There are players who come to training every day, put in their hard hours, and head home when the work is done. Then there are other players who stay long after what is required of them to be the best they can be – players like Pedro Ribeiro.
The 24-year-old Brazilian had been out of the lineup for almost two months after tearing his hamstring against D.C. United April 3rd. Saturday against Columbus, the striker was subbed in to do what he does best – and in spectacular fashion. His 89th minute goal, a left-footed rocket from 27 yards away, salvaged a much-needed point at home.
“He got his rewards for the hard work,” said Adrian Heath. “There’s very rarely a day I come here and he isn’t already here, and I leave and he is still here. He’s worked really hard to keep his fitness levels up.”
Ribeiro, now in his second MLS season, was acquired from the Philadelphia Union in the fourth round of last year’s MLS Expansion Draft.
“He was just somebody that, when we were going into the expansion draft, I remembered,” said Heath. “The more inquiries we made, even with the Philadelphia people, people like Amobi (Okugo), all spoke highly of him so we were delighted to get him.”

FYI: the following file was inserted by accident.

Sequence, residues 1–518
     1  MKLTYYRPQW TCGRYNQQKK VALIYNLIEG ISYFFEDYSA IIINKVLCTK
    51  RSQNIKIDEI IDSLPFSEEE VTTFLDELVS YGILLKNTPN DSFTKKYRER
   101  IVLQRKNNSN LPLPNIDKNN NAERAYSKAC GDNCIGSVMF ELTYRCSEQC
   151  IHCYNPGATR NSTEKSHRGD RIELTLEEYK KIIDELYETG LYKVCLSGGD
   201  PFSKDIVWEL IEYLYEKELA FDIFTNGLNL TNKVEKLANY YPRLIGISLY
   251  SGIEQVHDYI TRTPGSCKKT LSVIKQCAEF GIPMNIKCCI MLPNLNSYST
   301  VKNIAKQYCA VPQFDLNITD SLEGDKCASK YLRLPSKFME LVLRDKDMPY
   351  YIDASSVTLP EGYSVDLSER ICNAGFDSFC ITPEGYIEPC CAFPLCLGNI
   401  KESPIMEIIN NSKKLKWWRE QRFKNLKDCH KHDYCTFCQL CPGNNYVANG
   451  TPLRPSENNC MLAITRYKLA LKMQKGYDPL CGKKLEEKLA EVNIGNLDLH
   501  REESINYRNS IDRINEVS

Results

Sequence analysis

Heath’s 4-2-3-1 system demands his lone forward to constantly pressure the opposing defense. It’s a role in which only the fittest and hardest working forwards can excel, and in just five appearances, Ribeiro has shown he is right at home.
In Orlando City’s second MLS game at Houston, Ribeiro was brought on as a substitute in the 54th minute. Just 20 minutes later, Ribeiro’s hustle forced a critical mistake by Houston keeper Tyler Deric, which earned the Lions their first ever MLS win.
Just weeks later, in Montreal, he sprinted to intercept a lateral pass by the Impact backline, powered into the box, and then slid the ball to his left, assisting Kaká on the game tying goal.
Upon the walls of the Lions’ locker room and training facility at Sylvan Lake Park are painted various motivational quotes. But one in particular aptly captures Ribeiro’s commitment and work ethic; it’s by Muhammad Ali: “The fight is won far away from witnesses – behind the lines, in the gym, and out there on the road, long before I dance under those lights.” Pedro hopes to continue dancing and celebrating goals for Orlando City well into the foreseeable future.